• Market comparison – Assets are valued based on the sale price of comparable asset sales.

Historical cost valuation is most common since it is verifiable. Other methods may be used for impairment testing or insurance valuation.

Accurately classifying and valuing tangible assets according to accounting standards and financial reporting regulations is crucial for providing investors, regulators, and management with a reliable perspective on a company’s asset base and valuation.

With a logical classification system and consistent accounting treatment, companies can manage their tangible assets effectively and optimize utilization to drive operations and growth.

how to classify tangible assets

Types of Assets: Financial, Tangible, and Intangible

What are tangible assets?

Tangible assets are assets with a physical form and that hold value. Examples include property, plant, and equipment. Tangible assets are seen and felt and can be destroyed by fire, natural disaster, or an accident.

How do you classify tangible assets?

They may also use their assets as collateral, which is when a business uses the asset as security for the repayment of a loan. Classifying tangible assets is the process of documenting and categorizing them in order to have a record of each asset’s value. Here’s a list of steps to help you classify tangible assets correctly: 1.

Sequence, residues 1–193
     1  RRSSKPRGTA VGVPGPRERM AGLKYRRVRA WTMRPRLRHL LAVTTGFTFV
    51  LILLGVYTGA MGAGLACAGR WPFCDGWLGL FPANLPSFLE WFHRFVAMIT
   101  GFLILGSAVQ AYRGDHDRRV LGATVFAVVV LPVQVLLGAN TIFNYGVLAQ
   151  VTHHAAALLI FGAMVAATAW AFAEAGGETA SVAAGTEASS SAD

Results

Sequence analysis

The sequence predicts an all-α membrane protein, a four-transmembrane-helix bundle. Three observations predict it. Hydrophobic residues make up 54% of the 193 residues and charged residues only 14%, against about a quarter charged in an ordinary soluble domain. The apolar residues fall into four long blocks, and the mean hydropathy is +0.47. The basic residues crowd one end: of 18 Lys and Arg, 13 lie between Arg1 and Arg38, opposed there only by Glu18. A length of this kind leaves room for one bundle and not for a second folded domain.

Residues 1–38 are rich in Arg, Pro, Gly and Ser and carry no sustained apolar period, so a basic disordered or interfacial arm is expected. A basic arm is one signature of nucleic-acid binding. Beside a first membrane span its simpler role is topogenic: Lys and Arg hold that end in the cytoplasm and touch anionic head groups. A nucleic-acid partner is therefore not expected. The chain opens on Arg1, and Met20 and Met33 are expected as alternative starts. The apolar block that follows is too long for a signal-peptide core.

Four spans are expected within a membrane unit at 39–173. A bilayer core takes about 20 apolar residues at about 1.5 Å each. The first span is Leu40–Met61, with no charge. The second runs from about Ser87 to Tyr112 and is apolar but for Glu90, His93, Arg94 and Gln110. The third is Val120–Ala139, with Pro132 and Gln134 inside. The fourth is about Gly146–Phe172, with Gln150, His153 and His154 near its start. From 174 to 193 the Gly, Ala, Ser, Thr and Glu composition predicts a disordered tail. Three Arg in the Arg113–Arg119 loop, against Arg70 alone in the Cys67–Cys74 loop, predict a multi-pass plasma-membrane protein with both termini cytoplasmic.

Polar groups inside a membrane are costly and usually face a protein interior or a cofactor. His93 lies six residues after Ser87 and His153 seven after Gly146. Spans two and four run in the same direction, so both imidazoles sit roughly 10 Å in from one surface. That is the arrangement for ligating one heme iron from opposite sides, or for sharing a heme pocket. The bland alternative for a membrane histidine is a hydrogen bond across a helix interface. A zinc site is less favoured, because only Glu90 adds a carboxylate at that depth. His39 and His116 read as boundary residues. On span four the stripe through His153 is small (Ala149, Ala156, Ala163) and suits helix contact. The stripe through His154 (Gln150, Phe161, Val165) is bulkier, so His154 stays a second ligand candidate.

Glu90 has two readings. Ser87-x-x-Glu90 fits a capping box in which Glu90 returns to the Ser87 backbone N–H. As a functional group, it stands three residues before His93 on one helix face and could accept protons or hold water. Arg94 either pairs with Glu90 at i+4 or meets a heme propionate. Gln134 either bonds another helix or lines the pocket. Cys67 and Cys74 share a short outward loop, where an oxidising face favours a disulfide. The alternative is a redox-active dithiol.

What is the difference between tangible assets and intangible assets?

Tangible assets, also called fixed assets, are physical items like vehicles, cash, inventory, plants, and equipment that contribute to a company’s overall value. Intangible assets, such as patents, copyrights, and goodwill, lack physical form but still hold value, contrasting with tangible assets.

Why should you classify tangible and intangible assets correctly?

As you can see, tangible and intangible assets have different characteristics and implications for accounting. By classifying your assets correctly, you can simplify your accounting and provide more accurate and relevant information to your stakeholders. 3. Depreciation Methods for Asset Classification